This press release is available in French.
Montreal, November 11, 2008 Canadian researchers have created a new protein patterning technique that's enabled them to reproduce complex cellular environments and a miniature version of a masterpiece painting. According to a new study published in the journal Lab on a Chip, scientists from Universit de Montral, the Maisonneuve-Rosemont Hospital Research Centre, McGill University and the Montreal Neurological Institute have developed a laser technology that can mimic the protein patterns that surround cells in vivo and that could lead to great advances in neuroscience.
To illustrate the precision of their protein patterning technique, the research team reproduced a masterwork of Dutch painter Johannes Vermeer, specifically Girl with a Pearl Earring, in the miniature dimension of 200 microns wide or about the thickness of two hairs. The researchers also used their novel technology to replicate the brain's complex cellular environment. It's a major discovery, since the new laser technology can encourage and guide the growth of finicky nerve cells.
"We have created a system that can fabricate complex methods to grow cells," says Santiago Costantino, the study's lead author and a scientist at the Universit de Montral and Maisonneuve-Rosemont Hospital Research Centre.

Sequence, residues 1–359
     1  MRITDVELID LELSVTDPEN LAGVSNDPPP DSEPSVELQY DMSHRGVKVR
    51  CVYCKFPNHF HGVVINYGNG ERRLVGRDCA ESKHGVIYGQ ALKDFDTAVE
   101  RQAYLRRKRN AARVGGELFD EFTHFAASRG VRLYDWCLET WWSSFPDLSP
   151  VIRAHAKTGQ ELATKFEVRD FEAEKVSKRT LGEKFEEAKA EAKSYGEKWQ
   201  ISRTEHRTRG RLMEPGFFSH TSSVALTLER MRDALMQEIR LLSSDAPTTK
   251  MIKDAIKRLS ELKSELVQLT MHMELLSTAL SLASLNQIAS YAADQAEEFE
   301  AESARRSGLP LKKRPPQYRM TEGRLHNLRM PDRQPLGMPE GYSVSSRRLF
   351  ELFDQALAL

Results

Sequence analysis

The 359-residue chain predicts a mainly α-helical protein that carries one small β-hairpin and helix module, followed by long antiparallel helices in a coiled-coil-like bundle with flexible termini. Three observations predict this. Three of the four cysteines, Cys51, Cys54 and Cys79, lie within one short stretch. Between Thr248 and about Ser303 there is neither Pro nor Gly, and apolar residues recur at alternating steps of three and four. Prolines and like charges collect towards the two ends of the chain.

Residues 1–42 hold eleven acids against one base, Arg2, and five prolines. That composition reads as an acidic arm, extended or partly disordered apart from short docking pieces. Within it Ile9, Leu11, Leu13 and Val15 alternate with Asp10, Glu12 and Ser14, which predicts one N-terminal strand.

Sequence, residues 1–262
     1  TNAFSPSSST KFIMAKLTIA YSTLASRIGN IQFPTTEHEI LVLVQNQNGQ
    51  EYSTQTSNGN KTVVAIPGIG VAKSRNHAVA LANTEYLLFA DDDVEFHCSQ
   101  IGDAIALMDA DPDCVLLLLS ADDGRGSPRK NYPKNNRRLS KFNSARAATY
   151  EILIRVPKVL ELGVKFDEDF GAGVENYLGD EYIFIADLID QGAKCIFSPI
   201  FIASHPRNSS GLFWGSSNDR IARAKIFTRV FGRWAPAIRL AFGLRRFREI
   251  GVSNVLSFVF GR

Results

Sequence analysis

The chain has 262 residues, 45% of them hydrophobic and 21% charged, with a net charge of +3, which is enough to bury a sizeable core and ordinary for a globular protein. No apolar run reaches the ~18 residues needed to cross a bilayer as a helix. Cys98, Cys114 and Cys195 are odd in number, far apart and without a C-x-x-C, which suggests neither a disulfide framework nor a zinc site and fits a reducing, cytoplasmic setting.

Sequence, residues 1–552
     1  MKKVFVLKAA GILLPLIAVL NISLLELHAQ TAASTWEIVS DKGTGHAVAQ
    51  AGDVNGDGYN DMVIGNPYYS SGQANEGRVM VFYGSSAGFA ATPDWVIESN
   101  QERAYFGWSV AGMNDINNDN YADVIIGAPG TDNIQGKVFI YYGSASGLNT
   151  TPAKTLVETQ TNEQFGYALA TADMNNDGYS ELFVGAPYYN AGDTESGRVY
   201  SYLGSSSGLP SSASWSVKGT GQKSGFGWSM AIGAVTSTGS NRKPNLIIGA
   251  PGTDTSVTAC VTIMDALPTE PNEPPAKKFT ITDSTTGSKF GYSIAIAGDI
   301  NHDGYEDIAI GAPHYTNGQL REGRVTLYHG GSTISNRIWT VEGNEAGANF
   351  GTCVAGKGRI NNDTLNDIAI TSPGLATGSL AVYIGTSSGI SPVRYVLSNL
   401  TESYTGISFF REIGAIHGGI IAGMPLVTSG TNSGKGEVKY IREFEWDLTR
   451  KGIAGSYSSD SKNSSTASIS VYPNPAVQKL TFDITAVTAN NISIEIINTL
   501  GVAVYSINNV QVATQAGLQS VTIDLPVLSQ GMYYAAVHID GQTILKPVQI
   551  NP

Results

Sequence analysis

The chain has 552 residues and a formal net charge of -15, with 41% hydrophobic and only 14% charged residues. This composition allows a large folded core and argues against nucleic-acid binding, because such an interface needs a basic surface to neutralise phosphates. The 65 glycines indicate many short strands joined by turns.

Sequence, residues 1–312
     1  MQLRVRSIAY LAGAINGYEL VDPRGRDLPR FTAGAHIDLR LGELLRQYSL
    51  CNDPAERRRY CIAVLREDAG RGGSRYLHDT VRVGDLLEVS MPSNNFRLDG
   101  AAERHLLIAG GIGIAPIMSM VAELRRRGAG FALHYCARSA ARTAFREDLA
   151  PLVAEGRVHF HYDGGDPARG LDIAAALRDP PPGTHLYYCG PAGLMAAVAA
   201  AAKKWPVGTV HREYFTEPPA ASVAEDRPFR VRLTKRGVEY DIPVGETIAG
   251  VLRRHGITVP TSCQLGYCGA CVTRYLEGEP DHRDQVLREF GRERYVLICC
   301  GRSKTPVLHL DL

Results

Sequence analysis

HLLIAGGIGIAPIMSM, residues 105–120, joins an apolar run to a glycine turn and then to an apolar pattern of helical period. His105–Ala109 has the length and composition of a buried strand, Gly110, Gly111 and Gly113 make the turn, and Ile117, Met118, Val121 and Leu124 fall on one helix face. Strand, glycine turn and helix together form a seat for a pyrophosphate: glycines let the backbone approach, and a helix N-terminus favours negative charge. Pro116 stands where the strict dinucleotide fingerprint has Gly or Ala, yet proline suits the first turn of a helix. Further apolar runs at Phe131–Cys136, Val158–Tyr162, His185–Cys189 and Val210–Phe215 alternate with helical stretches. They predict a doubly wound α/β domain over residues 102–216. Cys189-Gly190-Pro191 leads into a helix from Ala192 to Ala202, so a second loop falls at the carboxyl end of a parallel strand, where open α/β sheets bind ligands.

"We see this technique as being very relevant to neuroscience and immunology research. With this system, we laid down a chemical gradient to guide the growth of nerve fiber, which is very useful in studying nerve damage and repair."
Flexible and precise
Using laser-assisted protein adsorption by photobleaching (LAPAP), the scientific team bound fluorescently-tagged molecules to a glass slides and created patterns of proteins similar to those of the human body. They then demonstrated how flexible and precise this technique could be by reproducing a fluorescent micro version of Girl With a Pearl Earring.
"The flexibility, precision and ease of this technique will hopefully lead to increased access in protein patterning, which could lead to major advances in science," says Dr. Costantino, who is also a member of the BioFemtoVision Canadian Research Group, which includes researchers from the Universit de Montral and the Institut National de la Recherche Scientifique who are working on developing new laser technologies for vision science.
"Our next goal is to extend laser-assisted protein adsorption by photobleaching to fabricate more complex protein combinations and distributions," adds Dr. Costantino. "We want to improve our imitation of the chemical environment found in the early stages of developing organisms."
|Contact: Sylvain-Jacques Desjardins|
University of Montreal